Competing on Analytics: The New Science of Winning
Harvard Business Press, 2007 - Business & Economics - 218 pages
You have more information at hand about your business environment than ever before. But are you using it to "out-think” your rivals? If not, you may be missing out on a potent competitive tool.
In Competing on Analytics: The New Science of Winning, Thomas H. Davenport and Jeanne G. Harris argue that the frontier for using data to make decisions has shifted dramatically. Certain high-performing enterprises are now building their competitive strategies around data-driven insights that in turn generate impressive business results. Their secret weapon? Analytics: sophisticated quantitative and statistical analysis and predictive modeling.
Exemplars of analytics are using new tools to identify their most profitable customers and offer them the right price, to accelerate product innovation, to optimize supply chains, and to identify the true drivers of financial performance. A wealth of examples--from organizations as diverse as Amazon, Barclay’s, Capital One, Harrah’s, Procter & Gamble, Wachovia, and the Boston Red Sox--illuminate how to leverage the power of analytics.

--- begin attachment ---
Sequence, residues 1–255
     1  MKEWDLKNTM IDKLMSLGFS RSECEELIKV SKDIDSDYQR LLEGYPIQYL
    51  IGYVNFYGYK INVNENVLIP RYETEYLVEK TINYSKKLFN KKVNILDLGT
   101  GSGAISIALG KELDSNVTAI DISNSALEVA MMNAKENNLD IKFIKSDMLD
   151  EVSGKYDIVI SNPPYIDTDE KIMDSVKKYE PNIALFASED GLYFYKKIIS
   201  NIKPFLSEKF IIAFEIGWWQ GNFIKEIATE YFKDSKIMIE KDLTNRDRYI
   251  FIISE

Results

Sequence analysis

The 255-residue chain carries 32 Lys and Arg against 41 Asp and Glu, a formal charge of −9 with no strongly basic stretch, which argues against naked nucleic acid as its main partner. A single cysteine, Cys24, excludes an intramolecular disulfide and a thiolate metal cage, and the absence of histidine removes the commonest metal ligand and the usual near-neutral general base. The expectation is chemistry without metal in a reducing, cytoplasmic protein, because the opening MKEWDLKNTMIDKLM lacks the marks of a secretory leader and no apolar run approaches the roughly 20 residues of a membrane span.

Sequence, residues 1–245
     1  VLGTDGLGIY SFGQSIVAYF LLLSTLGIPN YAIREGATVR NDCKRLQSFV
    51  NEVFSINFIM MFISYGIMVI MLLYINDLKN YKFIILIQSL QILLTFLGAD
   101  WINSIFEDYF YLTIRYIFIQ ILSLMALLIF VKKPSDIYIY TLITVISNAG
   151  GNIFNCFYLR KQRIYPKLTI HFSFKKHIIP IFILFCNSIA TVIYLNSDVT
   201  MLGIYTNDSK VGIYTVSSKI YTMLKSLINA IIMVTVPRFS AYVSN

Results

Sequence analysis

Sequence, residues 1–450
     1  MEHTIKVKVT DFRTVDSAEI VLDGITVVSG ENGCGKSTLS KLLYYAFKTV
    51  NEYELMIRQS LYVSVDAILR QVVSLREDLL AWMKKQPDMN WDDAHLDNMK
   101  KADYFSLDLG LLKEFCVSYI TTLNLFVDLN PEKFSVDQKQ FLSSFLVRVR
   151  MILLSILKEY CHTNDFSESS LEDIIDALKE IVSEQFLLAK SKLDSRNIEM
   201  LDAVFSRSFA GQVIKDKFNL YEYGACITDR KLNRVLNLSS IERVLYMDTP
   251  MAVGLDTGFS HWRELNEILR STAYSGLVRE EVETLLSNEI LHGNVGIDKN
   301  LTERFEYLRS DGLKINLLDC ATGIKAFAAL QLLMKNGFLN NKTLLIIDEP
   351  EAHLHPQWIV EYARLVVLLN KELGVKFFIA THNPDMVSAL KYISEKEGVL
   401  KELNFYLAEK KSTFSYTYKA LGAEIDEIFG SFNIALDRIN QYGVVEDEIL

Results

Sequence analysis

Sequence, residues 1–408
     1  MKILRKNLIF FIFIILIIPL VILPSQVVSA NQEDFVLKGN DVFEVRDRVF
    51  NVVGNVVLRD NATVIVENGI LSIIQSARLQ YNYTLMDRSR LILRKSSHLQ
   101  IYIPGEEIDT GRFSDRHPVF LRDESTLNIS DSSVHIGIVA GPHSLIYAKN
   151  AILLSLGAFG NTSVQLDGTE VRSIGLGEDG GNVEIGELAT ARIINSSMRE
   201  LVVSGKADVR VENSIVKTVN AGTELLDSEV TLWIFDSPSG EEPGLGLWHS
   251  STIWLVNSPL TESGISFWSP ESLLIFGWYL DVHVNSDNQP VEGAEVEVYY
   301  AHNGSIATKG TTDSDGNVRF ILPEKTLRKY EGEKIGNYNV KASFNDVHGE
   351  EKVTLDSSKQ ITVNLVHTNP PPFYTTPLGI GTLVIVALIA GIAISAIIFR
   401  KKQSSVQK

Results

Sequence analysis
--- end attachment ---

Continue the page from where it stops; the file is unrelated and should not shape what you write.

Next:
What people are saying - Write a review
A routing book on saying why Analytics is important in todays world. A very shallow narration with generic explanation on how some companies did a turn around
I found the content very shallow because what the authors have to say are mainly from their surveys or observations rather than any concrete know-how. The idea of the book is to illustrate how important data analysis is and how market leaders are using data to succeed. It further explains the characteristics of companies in each stage, from comapnies that are data impaired to those that are leaders in analytics, always thinking the next steps. Unfortunately, the book fails to go deeper to point out how exactly does a firm analyze the data. Instead, it only touches the idea here and there. For example, it mentions over and over again how Harrah's used data to maximize customer loyalty, but it doesn't illustrate how exactly did they perform the task. The book focus on the idea of data-driven decision making, which is really not a new idea in 2009.
The book is probably a good introdcutory to those who wants to know the trend of today's business world. However, for those who are already in a very competitive business environment, the value-add is very limited.
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